ELLO FUTURE MEETS QUALIATIK: PART 1
ELLO FUTURE: You were studying Neuroscience when you first started making music - what was the catalyst for that transition?
QUALIATIK: It was less of a transition and more of a surrender, triggered by kind of a premature quarter-life crisis on my 20th birthday when I realised my teenage years were gone and I hadn’t lived as “myself” yet; whatever that means. I got into Neuroscience in the first place because of the same fascination with the human mind that fuels all of my work and obsessions to this day, so the divergence between the two interests did not lay in their subject matter but in how I actually related to that subject matter and how immersive I allowed my experience of it to be. In school, it was a detached, analytical kind of observation of the human mind, which left me feeling really empty and hollow. I felt this internal pressure to engage with my own brain in a visceral, personal, and unapologetically embodied way, and as soon as I started making music it kind of bashed the floodgates and all of a sudden I was just in it, finally learning how to let go of control.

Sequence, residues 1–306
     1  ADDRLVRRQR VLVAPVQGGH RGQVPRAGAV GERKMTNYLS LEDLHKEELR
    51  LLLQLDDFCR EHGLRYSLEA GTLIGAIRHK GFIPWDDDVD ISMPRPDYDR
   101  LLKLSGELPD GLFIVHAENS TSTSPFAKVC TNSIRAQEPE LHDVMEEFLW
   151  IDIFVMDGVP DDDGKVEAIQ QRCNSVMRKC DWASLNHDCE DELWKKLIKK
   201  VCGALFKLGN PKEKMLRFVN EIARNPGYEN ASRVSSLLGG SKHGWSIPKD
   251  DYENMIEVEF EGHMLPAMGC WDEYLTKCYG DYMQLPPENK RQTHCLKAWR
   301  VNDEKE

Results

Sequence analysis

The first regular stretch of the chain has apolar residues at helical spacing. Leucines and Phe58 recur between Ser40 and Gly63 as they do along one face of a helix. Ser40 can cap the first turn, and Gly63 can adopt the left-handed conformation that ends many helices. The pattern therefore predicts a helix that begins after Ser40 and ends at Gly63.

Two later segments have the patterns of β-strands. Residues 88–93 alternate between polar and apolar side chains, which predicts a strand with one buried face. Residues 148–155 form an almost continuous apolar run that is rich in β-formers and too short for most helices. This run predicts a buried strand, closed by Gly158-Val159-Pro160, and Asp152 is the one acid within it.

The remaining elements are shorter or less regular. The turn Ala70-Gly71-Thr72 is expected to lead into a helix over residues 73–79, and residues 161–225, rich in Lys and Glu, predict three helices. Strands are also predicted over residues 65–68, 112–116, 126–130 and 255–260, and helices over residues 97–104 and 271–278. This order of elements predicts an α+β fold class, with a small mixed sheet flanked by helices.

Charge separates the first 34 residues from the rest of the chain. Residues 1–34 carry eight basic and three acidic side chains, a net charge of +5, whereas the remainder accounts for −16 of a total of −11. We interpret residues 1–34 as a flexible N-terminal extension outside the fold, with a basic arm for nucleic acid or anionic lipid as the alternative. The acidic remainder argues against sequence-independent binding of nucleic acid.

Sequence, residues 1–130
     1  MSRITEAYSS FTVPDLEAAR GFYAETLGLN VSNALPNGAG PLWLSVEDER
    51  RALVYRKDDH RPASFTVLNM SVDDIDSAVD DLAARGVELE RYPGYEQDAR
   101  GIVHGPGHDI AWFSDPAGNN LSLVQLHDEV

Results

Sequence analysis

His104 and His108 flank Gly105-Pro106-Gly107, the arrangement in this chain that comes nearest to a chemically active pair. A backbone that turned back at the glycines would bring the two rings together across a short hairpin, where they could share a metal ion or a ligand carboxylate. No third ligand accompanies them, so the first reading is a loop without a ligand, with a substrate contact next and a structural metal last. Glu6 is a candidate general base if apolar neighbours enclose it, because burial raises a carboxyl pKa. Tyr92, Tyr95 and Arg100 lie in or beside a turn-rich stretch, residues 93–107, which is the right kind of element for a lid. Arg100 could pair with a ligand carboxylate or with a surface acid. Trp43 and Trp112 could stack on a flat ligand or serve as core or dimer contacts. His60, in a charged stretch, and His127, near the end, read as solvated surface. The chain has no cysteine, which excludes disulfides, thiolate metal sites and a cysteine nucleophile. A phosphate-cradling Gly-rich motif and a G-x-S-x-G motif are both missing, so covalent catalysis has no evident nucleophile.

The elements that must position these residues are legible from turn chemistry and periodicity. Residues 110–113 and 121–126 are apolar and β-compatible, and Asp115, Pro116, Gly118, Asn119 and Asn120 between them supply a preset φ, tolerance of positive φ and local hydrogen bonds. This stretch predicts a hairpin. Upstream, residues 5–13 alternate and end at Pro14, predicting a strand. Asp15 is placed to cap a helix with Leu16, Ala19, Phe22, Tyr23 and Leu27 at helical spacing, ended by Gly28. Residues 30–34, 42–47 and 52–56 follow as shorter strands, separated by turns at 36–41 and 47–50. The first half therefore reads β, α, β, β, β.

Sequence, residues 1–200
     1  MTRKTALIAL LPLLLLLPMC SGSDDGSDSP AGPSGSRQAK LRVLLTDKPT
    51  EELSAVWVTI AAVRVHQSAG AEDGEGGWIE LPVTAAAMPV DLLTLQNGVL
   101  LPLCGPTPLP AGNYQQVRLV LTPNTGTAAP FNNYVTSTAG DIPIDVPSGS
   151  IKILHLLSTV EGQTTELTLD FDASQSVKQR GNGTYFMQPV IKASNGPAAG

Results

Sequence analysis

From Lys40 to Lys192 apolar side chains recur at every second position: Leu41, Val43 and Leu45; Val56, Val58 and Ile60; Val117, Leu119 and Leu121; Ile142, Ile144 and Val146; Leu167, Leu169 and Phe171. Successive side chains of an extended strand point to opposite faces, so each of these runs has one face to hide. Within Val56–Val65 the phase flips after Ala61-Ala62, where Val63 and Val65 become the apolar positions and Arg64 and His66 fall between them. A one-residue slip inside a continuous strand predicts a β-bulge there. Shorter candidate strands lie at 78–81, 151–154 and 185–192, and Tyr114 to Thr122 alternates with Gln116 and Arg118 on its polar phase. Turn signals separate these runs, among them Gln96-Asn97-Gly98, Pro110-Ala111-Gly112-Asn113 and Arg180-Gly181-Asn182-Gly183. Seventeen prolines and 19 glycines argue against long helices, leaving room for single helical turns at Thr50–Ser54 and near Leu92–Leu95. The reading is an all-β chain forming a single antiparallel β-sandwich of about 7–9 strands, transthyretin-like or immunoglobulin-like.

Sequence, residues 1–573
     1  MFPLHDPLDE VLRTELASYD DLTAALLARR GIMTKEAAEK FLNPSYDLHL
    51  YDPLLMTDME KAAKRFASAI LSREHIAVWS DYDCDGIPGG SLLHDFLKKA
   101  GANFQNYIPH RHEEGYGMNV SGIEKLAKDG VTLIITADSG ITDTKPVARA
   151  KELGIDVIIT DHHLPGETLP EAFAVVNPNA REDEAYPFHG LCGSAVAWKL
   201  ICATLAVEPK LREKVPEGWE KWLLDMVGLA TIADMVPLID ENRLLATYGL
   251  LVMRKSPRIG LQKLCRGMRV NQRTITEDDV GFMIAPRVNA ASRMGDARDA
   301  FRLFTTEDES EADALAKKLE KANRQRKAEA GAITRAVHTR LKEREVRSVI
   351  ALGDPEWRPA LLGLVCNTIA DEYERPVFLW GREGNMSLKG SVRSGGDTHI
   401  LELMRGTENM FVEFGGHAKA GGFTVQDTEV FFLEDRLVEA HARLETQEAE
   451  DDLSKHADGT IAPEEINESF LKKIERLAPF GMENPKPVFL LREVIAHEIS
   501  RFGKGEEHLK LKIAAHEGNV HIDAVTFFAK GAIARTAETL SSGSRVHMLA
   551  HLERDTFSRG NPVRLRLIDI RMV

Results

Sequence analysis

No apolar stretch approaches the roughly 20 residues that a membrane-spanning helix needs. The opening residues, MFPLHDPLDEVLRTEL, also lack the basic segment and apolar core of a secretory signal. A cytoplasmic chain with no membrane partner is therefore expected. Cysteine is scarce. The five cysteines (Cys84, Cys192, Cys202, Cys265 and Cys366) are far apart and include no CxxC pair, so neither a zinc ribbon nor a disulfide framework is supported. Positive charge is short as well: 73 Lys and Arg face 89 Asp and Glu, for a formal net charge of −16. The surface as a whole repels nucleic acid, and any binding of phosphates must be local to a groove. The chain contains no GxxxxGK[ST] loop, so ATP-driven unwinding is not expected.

ELLO FUTURE: While studying at Haverford, you were awarded a grant to project people's brainwaves during an interactive performance. Can you talk us through the goals of that project and what you did to illustrate the inseparable nature of subjective experience, aesthetic experience and neural activity?
QUALIATIK: The grant project, which was called Qualia (from the latin quale for subjective experience), aimed to let audience members manipulate each other’s subjective experience, and therefore neural activity, as seen through brainwave projections. The original goal of the project was to create a pathway that interfaced between the audience, MIDI synths in Ableton, an EEG arduino, and algorithmic visuals. Essentially, an audience member could walk in, play with a MIDI controller to alter an aspect of the music, and watch as an another audience member’s EEG signal shifted on the wall in response, as well as observe live visuals morphing along with the brainwave activity.